Background and Purpose - Cervicocephalic artery dissection is an important cause of stroke. The clinical presentation of dissection can resemble that of benign neurological conditions leading to delayed or missed diagnosis. Methods - We performed a retrospective cohort study using statewide administrative claims data from all Emergency Department visits and admissions at nonfederal hospitals in Florida from 2005 to 2015 and New York from 2006 to 2015. Using validated International Classification of Diseases, Ninth Revision, CM codes, we identified adult patients hospitalized for cervicocephalic artery dissection. We defined probable misdiagnosis of dissection as having an Emergency Department treat-and-release visit for symptoms or signs of dissection, including headache, neck pain, and focal neurological deficits in the 14 days before dissection diagnosis. Multivariable logistic regression was used to compare adverse clinical outcomes in patients with and without probable misdiagnosis. Results - Among 7090 patients diagnosed with a dissection (mean age 52.7 years, 44.9% women), 218 (3.1% [95% CI, 2.7%-3.5%]) had a preceding probable Emergency Department misdiagnosis. After adjustment for demographics and vascular risk factors, there were no differences in rates of stroke (odds ratio, 0.82 [95% CI, 0.62-1.09]) or in-hospital death (odds ratio, 0.26 [95% CI, 0.07-1.08]) between dissection patients with and without a probable misdiagnosis at index hospitalization. Conclusions - We found that ≈1 in 30 dissection patients was probably misdiagnosed in the 2 weeks before their diagnosis.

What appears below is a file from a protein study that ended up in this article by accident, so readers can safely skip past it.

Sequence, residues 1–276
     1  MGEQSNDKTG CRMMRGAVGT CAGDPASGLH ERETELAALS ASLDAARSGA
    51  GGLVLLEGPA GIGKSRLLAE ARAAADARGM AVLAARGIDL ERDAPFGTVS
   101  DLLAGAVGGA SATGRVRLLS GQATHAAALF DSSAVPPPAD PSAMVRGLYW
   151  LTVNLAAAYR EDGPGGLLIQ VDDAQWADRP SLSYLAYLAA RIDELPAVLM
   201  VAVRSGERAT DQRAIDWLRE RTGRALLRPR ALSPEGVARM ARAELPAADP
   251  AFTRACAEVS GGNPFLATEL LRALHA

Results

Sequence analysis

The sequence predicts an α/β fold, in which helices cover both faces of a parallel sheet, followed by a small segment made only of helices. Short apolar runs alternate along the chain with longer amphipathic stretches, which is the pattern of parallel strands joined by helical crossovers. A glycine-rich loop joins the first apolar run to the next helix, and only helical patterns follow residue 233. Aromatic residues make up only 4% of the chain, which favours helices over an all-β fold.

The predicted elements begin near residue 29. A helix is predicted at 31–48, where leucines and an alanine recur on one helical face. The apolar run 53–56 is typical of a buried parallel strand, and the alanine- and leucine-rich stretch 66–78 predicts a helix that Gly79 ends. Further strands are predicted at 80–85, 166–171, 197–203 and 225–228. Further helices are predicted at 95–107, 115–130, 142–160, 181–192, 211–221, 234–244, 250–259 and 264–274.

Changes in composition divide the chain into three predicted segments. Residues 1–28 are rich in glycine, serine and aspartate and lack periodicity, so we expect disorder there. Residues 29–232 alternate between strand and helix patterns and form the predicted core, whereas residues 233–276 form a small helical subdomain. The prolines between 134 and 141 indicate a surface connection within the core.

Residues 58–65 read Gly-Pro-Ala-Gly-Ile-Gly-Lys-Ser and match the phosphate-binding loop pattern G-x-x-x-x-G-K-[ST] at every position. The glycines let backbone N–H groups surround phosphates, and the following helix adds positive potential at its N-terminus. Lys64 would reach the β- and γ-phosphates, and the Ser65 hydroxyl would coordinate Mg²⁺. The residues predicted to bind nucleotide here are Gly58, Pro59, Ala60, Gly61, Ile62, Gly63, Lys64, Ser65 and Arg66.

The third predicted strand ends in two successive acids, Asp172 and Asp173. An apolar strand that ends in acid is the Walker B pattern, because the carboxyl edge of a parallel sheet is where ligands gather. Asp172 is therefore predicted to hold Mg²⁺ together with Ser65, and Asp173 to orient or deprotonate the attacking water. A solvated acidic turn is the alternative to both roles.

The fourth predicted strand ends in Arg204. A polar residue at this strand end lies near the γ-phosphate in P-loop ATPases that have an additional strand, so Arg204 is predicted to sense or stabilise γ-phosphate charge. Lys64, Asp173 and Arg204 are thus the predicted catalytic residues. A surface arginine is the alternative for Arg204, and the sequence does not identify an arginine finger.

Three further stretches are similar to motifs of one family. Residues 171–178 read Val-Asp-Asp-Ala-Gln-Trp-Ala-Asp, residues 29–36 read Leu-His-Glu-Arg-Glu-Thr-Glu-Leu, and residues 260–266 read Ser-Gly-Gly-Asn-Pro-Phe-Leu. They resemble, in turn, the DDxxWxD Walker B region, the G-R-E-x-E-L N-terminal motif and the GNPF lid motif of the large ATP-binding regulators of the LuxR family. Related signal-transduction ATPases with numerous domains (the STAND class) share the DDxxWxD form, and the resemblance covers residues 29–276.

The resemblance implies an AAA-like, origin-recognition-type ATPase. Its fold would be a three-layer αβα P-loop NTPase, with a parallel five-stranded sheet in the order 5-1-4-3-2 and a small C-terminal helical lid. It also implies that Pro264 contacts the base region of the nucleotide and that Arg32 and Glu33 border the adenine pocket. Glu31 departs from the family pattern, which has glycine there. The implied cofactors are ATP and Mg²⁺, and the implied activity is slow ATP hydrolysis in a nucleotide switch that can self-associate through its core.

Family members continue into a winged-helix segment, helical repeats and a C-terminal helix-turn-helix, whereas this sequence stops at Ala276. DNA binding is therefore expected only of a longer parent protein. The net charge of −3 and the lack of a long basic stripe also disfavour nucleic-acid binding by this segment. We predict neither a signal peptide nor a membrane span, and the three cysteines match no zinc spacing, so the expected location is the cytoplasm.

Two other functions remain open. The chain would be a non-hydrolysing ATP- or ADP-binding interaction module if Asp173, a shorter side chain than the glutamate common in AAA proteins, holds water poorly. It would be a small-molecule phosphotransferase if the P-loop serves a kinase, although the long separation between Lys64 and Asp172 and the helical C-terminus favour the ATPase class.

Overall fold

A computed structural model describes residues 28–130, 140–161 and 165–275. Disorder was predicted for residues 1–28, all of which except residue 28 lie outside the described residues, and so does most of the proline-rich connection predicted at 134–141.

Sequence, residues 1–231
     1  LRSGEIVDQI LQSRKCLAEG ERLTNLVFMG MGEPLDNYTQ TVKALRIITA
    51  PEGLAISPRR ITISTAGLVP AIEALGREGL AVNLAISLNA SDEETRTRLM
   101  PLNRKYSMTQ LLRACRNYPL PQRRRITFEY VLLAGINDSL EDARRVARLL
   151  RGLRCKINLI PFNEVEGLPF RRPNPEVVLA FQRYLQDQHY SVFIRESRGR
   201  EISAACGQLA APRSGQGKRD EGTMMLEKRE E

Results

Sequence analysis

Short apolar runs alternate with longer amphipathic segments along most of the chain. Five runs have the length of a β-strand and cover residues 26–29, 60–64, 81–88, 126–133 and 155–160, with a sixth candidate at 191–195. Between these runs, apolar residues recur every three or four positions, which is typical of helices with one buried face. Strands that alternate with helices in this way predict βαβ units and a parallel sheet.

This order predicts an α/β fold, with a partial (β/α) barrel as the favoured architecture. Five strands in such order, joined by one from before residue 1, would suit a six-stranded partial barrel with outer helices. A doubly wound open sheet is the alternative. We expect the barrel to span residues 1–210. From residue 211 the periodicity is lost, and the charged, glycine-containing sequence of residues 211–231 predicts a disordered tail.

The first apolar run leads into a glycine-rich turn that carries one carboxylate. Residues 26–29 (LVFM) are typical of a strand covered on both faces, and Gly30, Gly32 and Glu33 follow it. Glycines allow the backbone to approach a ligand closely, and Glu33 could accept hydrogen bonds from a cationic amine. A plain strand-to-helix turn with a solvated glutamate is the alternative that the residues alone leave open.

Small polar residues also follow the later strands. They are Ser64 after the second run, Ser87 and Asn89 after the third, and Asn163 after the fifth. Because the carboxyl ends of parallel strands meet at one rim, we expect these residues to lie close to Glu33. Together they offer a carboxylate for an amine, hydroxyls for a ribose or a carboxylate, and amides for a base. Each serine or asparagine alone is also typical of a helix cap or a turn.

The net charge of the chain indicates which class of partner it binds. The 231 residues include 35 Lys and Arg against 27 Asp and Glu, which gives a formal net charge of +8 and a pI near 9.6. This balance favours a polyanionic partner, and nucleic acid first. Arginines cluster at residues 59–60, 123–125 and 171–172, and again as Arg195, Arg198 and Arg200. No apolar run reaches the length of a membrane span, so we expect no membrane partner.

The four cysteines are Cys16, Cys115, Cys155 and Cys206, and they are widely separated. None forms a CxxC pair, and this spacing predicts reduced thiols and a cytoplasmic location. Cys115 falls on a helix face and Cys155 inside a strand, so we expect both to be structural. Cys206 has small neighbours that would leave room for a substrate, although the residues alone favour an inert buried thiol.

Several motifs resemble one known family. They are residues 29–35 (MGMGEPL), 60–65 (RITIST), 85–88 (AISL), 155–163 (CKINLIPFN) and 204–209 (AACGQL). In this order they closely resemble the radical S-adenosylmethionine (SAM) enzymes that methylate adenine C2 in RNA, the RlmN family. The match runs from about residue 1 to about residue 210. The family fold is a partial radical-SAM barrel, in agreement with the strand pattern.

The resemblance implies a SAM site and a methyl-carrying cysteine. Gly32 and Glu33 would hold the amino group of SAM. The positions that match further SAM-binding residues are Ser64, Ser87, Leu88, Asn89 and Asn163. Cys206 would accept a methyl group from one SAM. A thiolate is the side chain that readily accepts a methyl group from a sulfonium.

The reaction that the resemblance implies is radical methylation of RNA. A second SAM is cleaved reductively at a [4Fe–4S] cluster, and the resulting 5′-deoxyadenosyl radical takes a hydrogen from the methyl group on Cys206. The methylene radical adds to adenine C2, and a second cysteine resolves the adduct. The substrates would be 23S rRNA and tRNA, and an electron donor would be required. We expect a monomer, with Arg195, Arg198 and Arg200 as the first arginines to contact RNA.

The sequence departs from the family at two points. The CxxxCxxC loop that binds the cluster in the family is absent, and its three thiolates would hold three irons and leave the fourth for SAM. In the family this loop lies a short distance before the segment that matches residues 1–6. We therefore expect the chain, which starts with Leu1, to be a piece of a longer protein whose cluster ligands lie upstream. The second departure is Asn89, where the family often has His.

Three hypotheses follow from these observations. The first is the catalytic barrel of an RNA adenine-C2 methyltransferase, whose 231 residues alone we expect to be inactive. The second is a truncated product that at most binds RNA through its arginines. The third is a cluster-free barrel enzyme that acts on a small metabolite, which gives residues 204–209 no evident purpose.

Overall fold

- diagnostic errors
ASJC Scopus subject areas
- Clinical Neurology
- Cardiology and Cardiovascular Medicine
- Advanced and Specialized Nursing